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Saturday, April 14, 2012

Gluten Free Pasta

Many friends and family in my life are living a gluten free lifestyle. It would be rude of me to ignore their desire for a big bowl of freshly made pasta while the rest of us sit stuffing our faces.

 Rolling by hand rather than on a pasta machine, cooking in simmering water rather than boiling- gluten free pasta requires a delicate touch and a light hand, but it really is worth it. It eats the same - absolutely wonderful tossed with simple butter, fresh herbs, black pepper and cheese.

It took me many rounds of trial and error, but with the help of the right flour, this pasta can pass for gluten eaters too.

I'll never forget the day I placed a pile of fresh, gluten free ravioli in front of my friend Amy. At the first bite she was transported to more comforting time when white flour was not the enemy. She ultimately came back to the present to tell the tale that this was her first ravioli she's had in over 15 years. I swear there was a tear in her eye at the time.
Invite your gluten free friends back to your Fat and Happy pasta parties; you will have a friend for life.

Fat and Happy Food Blog Tips and Techniques: I've tried a lot of gluten free pasta variations and the key to this pasta is most certainly the flour; you can find it Whole Foods or online.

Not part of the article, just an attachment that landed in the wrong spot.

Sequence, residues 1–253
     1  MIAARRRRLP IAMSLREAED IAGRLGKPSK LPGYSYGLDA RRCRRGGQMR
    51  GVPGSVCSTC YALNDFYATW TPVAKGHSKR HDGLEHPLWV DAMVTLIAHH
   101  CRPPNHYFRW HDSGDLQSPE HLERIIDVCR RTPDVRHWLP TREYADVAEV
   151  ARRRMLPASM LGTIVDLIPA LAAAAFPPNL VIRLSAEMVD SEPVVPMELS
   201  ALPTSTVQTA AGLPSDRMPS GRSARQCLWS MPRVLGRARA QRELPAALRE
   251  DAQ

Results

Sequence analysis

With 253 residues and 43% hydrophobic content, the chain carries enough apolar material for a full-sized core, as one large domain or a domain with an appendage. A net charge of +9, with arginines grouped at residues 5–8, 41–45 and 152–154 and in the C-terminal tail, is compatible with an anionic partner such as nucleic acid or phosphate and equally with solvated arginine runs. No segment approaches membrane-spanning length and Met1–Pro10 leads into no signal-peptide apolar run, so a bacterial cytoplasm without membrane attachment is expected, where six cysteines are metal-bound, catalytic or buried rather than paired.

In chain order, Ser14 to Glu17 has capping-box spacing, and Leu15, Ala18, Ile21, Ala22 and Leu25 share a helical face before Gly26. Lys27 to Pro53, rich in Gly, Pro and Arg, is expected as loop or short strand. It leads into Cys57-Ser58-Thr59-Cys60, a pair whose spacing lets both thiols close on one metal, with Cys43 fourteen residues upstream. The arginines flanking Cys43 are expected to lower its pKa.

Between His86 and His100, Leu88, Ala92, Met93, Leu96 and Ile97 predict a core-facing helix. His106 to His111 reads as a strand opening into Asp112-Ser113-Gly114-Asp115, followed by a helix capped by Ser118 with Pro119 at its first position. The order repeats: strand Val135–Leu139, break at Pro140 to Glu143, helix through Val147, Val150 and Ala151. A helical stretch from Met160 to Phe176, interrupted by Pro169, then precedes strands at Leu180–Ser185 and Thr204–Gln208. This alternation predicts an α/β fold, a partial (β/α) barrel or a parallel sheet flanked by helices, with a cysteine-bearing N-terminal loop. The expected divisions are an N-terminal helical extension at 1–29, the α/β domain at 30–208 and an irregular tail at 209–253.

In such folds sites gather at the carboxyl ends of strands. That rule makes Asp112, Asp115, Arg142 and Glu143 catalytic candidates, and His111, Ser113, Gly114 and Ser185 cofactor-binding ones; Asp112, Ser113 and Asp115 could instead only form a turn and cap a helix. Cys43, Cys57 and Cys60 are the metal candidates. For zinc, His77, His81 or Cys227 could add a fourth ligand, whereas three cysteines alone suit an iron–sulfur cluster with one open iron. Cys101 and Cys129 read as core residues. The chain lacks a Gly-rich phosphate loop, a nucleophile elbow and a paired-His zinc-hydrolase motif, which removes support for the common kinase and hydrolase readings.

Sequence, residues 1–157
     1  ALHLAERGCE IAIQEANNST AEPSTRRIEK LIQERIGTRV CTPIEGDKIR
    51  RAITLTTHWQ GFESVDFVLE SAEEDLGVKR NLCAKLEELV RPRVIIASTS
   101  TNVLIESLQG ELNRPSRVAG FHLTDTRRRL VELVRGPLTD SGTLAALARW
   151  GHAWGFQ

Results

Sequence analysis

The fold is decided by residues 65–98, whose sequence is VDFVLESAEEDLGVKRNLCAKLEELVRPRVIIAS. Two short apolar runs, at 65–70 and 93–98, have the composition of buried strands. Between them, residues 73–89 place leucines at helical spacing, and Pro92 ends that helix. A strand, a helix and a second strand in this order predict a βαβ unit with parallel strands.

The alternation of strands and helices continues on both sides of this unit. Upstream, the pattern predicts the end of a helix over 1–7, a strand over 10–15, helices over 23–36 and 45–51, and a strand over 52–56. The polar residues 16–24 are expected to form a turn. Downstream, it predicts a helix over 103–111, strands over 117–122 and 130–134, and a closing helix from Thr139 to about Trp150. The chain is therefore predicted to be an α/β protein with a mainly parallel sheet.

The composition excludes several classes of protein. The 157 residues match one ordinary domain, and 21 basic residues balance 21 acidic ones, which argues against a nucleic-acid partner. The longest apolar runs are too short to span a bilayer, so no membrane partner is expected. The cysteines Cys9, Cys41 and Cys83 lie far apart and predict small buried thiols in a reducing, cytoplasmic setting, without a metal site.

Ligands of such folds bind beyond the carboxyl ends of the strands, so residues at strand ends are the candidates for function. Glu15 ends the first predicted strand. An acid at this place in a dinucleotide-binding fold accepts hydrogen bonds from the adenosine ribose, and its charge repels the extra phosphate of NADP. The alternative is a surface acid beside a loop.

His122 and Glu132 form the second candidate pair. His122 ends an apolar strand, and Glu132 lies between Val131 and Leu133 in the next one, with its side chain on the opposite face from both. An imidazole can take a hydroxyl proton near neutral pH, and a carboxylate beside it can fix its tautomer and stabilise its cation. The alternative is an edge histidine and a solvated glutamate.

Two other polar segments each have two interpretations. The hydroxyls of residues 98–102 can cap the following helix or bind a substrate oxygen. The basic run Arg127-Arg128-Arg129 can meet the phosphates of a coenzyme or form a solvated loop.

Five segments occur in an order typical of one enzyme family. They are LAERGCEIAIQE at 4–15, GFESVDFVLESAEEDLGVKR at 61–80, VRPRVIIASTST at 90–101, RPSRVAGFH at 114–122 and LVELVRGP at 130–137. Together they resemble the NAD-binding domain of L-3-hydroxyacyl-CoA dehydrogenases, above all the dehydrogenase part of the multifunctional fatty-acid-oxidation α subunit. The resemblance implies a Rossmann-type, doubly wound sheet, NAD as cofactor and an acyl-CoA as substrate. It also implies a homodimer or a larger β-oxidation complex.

Gluten Free Pasta

2.5 cups Pantry French Bread flour
5 eggs
1 yolk
1 Tbls salt

 Place the flour onto counter, make a well in the middle of flour. Place the eggs, yolk and salt into the well and begin to mix with a fork. Once the eggs are all mixed together, work the dough using your hands. Lightly knead the dough until it becomes silky and smooth.

Set the dough under a warm towel for 20 minutes. Roll the dough out to desired thickness, keep in mind this dough won't hold up well if rolled too thin. Go for more of a fettuccine rather than an angel hair pasta. Hand cut the dough with a sharp knife or a pizza cutter. Or shape into ravioli if desired.

To cook, place in a large pot of salted simmering water. The pasta will take a few minutes, slightly longer than it's floured counterpart. Taste a piece to help decide when it's ready. Overcooking will turn the pasta mushy.

Toss with a little butter, pepper and fresh herbs or use as desired.


  1. I'm craving for pasta now. I will have to try this especially since it's gluten free.

  2. Now, those with a gluten allergy or intolerance can experience the joy of eating an exceptional bowl of pasta. Thanks for this recipe.



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